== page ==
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Nat Commun. 2015 Aug 4;6:7806. doi: 10.1038/ncomms8806.

Diet and specific microbial exposure trigger features of environmental enteropathy in a novel murine model.

Author information

1
1] Department of Microbiology and Immunology, University of British Columbia, Vancouver, British Columbia, Canada [2] Michael Smith Laboratories, University of British Columbia, Vancouver, British Columbia, Canada V6T 1Z4.
2
Department of Agricultural, Food and Nutritional Science, University of Alberta, Edmonton, Alberta, Canada T6G 2P5.
3
Molecular Microbial Pathogenesis Unit, Institut Pasteur, Paris 75724, France.
4
The UVic-Genome British Columbia Proteomics Centre, University of Victoria, Victoria, British Columbia, Canada V8Z 7X8.
5
Michael Smith Laboratories, University of British Columbia, Vancouver, British Columbia, Canada V6T 1Z4.
6
Department of Microbiology and Immunology, University of British Columbia, Vancouver, British Columbia, Canada.
7
1] The UVic-Genome British Columbia Proteomics Centre, University of Victoria, Victoria, British Columbia, Canada V8Z 7X8 [2] Department of Biochemistry and Microbiology, University of Victoria, Victoria, British Columbia, Canada V8P 5C2.
8
1] Department of Microbiology and Immunology, University of British Columbia, Vancouver, British Columbia, Canada [2] Michael Smith Laboratories, University of British Columbia, Vancouver, British Columbia, Canada V6T 1Z4 [3] Department of Biochemistry and Molecular Biology, University of British Columbia, Vancouver, British Columbia, Canada V6T 1Z4.

Abstract

Environmental enteropathy (EE) is a subclinical chronic inflammatory disease of the small intestine and has a profound impact on the persistence of childhood malnutrition worldwide. However, the aetiology of the disease remains unknown and no animal model exists to date, the creation of which would aid in understanding this complex disease. Here we demonstrate that early-life consumption of a moderately malnourished diet, in combination with iterative oral exposure to commensal Bacteroidales species and Escherichia coli, remodels the murine small intestine to resemble features of EE observed in humans. We further report the profound changes that malnutrition imparts on the small intestinal microbiota, metabolite and intraepithelial lymphocyte composition, along with the susceptibility to enteric infection. Our findings provide evidence indicating that both diet and microbes combine to contribute to the aetiology of EE, and describe a novel murine model that can be used to elucidate the mechanisms behind this understudied disease.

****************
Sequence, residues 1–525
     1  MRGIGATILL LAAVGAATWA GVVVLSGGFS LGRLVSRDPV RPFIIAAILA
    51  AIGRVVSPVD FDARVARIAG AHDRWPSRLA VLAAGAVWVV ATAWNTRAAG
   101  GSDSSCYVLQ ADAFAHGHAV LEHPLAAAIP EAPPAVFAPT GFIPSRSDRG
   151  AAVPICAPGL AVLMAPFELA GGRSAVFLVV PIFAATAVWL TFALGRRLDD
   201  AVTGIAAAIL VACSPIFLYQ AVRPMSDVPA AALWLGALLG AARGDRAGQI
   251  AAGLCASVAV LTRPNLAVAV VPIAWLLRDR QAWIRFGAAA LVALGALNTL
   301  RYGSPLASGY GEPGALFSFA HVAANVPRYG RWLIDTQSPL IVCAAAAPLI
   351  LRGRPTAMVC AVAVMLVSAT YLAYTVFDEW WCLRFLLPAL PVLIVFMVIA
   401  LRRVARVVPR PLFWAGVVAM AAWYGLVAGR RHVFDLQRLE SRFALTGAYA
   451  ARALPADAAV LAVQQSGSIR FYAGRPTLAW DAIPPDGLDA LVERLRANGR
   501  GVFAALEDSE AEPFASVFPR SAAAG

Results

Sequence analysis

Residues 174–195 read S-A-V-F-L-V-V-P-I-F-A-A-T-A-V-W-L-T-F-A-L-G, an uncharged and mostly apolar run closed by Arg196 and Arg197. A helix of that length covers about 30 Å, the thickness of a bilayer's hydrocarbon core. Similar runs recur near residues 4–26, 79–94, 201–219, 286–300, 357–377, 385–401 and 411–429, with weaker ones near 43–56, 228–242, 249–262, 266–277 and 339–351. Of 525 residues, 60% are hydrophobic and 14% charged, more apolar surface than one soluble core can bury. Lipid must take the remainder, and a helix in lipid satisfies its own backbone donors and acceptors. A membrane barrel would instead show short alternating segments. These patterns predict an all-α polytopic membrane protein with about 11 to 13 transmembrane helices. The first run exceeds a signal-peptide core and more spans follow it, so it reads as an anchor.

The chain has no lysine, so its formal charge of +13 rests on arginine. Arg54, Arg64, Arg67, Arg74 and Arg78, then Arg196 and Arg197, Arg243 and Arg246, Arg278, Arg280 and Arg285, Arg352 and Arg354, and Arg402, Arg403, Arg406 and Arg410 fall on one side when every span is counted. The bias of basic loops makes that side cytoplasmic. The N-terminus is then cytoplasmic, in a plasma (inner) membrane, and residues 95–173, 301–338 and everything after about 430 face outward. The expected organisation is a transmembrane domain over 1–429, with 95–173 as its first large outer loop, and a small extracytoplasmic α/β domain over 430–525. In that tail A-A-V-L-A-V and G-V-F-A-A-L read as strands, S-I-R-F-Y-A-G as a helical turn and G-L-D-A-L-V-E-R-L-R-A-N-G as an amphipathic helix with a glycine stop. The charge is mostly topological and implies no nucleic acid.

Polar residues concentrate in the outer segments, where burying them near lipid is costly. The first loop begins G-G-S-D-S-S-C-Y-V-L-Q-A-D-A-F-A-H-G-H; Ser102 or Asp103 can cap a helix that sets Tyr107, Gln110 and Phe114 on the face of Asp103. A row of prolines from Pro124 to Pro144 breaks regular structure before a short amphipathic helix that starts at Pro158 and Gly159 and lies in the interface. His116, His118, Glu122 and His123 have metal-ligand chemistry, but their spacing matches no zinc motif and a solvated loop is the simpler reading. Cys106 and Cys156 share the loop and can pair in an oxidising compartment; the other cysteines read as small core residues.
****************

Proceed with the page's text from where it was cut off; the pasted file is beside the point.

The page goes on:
Comment in

PMID:
26241678
PMCID:
PMC4532793
DOI:
10.1038/ncomms8806
[Indexed for MEDLINE]
Free PMC Article

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